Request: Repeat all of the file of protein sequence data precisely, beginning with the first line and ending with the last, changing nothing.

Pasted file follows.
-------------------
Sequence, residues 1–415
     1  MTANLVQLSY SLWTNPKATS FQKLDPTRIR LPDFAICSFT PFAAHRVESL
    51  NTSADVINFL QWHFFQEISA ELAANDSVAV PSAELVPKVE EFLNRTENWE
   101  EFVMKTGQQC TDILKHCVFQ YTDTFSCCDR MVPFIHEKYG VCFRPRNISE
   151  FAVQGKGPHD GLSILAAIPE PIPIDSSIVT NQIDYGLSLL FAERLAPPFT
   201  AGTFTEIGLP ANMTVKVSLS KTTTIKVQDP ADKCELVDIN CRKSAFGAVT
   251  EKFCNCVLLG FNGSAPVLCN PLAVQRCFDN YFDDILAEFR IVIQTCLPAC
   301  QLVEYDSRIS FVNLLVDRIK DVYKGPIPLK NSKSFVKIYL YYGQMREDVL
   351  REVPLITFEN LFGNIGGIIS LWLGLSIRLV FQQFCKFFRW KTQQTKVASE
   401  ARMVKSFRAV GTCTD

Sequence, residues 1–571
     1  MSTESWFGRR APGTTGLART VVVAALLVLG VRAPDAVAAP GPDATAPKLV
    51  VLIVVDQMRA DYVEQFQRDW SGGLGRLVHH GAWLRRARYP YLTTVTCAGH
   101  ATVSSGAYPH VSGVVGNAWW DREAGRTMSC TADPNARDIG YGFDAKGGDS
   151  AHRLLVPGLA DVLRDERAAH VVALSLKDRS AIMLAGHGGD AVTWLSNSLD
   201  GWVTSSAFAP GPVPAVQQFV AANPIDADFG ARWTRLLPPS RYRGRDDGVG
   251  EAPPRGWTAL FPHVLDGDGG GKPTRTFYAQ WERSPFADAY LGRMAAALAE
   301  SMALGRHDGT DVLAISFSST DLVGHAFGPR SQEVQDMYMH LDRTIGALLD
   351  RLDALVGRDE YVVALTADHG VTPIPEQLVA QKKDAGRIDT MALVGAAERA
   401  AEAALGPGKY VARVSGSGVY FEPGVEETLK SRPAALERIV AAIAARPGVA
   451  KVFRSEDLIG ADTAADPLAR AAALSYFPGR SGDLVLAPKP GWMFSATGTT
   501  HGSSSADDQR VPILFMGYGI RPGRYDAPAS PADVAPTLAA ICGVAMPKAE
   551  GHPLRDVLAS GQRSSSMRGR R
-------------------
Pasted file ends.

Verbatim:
Sequence, residues 1–415
     1  MTANLVQLSY SLWTNPKATS FQKLDPTRIR LPDFAICSFT PFAAHRVESL
    51  NTSADVINFL QWHFFQEISA ELAANDSVAV PSAELVPKVE EFLNRTENWE
   101  EFVMKTGQQC TDILKHCVFQ YTDTFSCCDR MVPFIHEKYG VCFRPRNISE
   151  FAVQGKGPHD GLSILAAIPE PIPIDSSIVT NQIDYGLSLL FAERLAPPFT
   201  AGTFTEIGLP ANMTVKVSLS KTTTIKVQDP ADKCELVDIN CRKSAFGAVT
   251  EKFCNCVLLG FNGSAPVLCN PLAVQRCFDN YFDDILAEFR IVIQTCLPAC
   301  QLVEYDSRIS FVNLLVDRIK DVYKGPIPLK NSKSFVKIYL YYGQMREDVL
   351  REVPLITFEN LFGNIGGIIS LWLGLSIRLV FQQFCKFFRW KTQQTKVASE
   401  ARMVKSFRAV GTCTD

Sequence, residues 1–571
     1  MSTESWFGRR APGTTGLART VVVAALLVLG VRAPDAVAAP GPDATAPKLV
    51  VLIVVDQMRA DYVEQFQRDW SGGLGRLVHH GAWLRRARYP YLTTVTCAGH
   101  ATVSSGAYPH VSGVVGNAWW DREAGRTMSC TADPNARDIG YGFDAKGGDS
   151  AHRLLVPGLA DVLRDERAAH VVALSLKDRS AIMLAGHGGD AVTWLSNSLD
   201  GWVTSSAFAP GPVPAVQQFV AANPIDADFG ARWTRLLPPS RYRGRDDGVG
   251  EAPPRGWTAL FPHVLDGDGG GKPTRTFYAQ WERSPFADAY LGRMAAALAE
   301  SMALGRHDGT DVLAISFSST DLVGHAFGPR SQEVQDMYMH LDRTIGALLD
   351  RLDALVGRDE YVVALTADHG VTPIPEQLVA QKKDAGRIDT MALVGAAERA
   401  AEAALGPGKY VARVSGSGVY FEPGVEETLK SRPAALERIV AAIAARPGVA
   451  KVFRSEDLIG ADTAADPLAR AAALSYFPGR SGDLVLAPKP GWMFSATGTT
   501  HGSSSADDQR VPILFMGYGI RPGRYDAPAS PADVAPTLAA ICGVAMPKAE
   551  GHPLRDVLAS GQRSSSMRGR R